Keyboard (Sarai’s 9/11 poem)

A keyboard,
a Raggedy Ann doll,
a clock.
Two days I watched,
the first without interruption
except for what
biology required.
The second cleaning
house with the t.v.
the only thing I
could concentrate
Sick from watching,
my head swelling
from images,
firefighter #9468,
few people telling
the real truth,
of body parts
or if they did,
edited for our delicate
The doctor who siad
what you see on t.v.
is nothing to what
the devastation
The man who saw
thirty to forty people
Two days I watched
bootleg footage
of freelancers who went
where they weren’t
supposed to go.
Long, slow close-ups –
all I could make out
a keyboard,
a Raggedy Ann,
a clock.



There is no point
in going to the doctor
with trifles,
the stress will do
more damage
than any cure
might do good.
If I collapse
on the floor
with a heart
give me an aspirin
and take me
to the hospital.
If I break a leg
I’ll probably
have to go.
If all my hair
falls out
take me to
the doctor.
If there is one
hair left,
until it drops.



Biting cold,
rain close by.
People imagine
this doesn’t happen
in California.
The result of successful advertising.
The same ads that always
scared me,
beaches littered
with bare flesh.
I could not fathom
being in such a crowd.
It has kept me away
from rock concerts
and New York City,
especially Times Square
at New Year’s.
And European travel
that necessitates
tour buses.
I have an aversion to groups,
always say I am not
a pack animal.
I like room
to move around
Need air
and space
and quiet
to know what
I am thinking,
the right
to sit down
and stare
without intervention.



Driving along
on our anniversary
I say, “talk to me,
so I feel like I’m
in a relationship
instead of a truck.”
I can tell by your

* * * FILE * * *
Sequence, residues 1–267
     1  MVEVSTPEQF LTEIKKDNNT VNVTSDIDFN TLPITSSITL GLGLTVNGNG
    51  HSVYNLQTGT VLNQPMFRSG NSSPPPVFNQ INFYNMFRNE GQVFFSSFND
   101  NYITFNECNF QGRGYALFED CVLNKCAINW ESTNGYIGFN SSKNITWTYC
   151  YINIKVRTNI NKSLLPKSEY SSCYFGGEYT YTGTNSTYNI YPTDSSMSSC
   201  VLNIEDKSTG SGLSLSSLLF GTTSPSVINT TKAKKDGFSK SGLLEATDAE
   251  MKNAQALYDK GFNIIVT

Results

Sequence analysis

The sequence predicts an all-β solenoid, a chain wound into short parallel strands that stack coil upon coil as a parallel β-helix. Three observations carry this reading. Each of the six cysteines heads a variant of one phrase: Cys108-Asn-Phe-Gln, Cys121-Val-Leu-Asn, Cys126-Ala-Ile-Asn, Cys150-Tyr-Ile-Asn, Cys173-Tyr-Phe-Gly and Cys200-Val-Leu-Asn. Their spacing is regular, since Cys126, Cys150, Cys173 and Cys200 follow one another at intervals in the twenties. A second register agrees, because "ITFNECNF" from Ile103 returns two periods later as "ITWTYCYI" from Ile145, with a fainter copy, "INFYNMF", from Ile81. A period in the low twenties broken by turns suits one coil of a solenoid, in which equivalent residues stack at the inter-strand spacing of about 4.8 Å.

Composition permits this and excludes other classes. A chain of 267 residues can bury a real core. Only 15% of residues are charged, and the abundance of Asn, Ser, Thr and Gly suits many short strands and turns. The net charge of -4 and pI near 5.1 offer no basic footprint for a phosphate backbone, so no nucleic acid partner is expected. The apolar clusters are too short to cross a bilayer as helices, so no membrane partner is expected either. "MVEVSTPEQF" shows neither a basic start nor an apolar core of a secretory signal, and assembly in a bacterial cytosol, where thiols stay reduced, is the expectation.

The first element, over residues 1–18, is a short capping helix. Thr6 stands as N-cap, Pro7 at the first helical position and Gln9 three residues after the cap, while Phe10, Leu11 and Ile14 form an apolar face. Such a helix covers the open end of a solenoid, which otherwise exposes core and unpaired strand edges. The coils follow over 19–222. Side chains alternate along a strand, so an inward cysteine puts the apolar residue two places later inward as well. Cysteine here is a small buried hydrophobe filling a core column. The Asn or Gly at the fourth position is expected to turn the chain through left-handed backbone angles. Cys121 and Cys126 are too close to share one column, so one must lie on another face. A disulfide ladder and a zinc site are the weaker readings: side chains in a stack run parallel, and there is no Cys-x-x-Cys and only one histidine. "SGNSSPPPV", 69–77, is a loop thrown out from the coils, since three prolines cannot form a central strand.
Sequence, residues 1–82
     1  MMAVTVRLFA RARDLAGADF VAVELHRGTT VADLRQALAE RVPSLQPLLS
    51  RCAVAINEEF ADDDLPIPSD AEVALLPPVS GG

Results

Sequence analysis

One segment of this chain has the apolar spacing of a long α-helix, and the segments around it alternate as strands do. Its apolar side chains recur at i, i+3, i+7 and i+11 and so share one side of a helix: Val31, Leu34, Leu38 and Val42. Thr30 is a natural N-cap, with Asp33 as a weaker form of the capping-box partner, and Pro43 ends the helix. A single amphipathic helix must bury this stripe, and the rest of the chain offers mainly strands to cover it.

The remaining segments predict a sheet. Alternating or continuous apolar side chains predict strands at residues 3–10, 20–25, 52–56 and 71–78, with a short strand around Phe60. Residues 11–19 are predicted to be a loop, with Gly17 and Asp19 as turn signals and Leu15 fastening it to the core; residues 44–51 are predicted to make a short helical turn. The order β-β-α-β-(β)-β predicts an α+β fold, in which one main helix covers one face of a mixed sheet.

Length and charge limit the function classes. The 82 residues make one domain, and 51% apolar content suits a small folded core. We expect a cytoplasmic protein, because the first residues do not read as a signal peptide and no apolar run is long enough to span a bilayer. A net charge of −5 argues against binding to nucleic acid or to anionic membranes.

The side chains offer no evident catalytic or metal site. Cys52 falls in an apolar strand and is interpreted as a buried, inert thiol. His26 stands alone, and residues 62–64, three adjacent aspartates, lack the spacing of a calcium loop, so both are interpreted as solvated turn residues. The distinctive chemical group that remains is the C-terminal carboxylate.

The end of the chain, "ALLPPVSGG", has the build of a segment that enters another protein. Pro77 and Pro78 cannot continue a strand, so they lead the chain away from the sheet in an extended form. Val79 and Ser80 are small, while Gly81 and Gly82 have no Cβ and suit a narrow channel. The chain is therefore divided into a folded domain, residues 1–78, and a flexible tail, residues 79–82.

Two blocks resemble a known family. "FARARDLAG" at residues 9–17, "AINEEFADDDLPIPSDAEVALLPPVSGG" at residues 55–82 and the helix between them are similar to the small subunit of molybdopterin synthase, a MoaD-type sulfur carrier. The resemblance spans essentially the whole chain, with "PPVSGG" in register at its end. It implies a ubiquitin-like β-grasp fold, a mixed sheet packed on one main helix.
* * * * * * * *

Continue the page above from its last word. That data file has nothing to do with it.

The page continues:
face you want
to steal that line
and tell not to.

Later, sitting on
the bench
like old people –
and enjoying it –
I say we are
the big movie.

You like that one
and ask what
the earlier line
was, but by then
we have both
forgotten it.



I see a baby in a stroller
who looks like he will grow up
to think like Woody Allen –
if he doesn’t already.
Sagging jowls before the age
of one, and eyes that say
it is all too much trouble
to care about.
I picture a kind of Borscht Belt
humor about poopy diapers,
a two-foot world view
taking Seuss sardonically.
His mother does not seem to know,
pushing him about as she shops for books,
he is probably ridiculing her in his head
for what she is reading.



I hope I die
when the cupboards
are clean,
not today
decades hence.
Still, at their
worst, I take
a certain pride
in leaving a
pretty tidy life.
Not the kind
with floors &
floors of the house
stuffed & crammed
with unnamed secrets.
The only secrets
I have held
were in my heart
& what they were
I’m not sure
I could say
even now.

Some people
don’t care
what is found
out when
they are gone.
But I do.
Not so much
what is known
as how it’s
treated when
I am not here
to ferry it
about in life.
The way they
read the uncle’s
love letters
which he had
I hope that I
have time
to dispense
of things as I
see fit,
or dispose of them
I haven’t any love letters
to worry about.
To sad a fact
to think about.

A woman I know
does, and thinks
it best
her grown sons
not walk into
that hidden room
where her life
lived before
their birth.

I wonder
if there might be
someone I will
never meet,
who will want
to know me.
Finding my journals
in some dusty box,
perhaps my favorite
pen down at the
all dried out.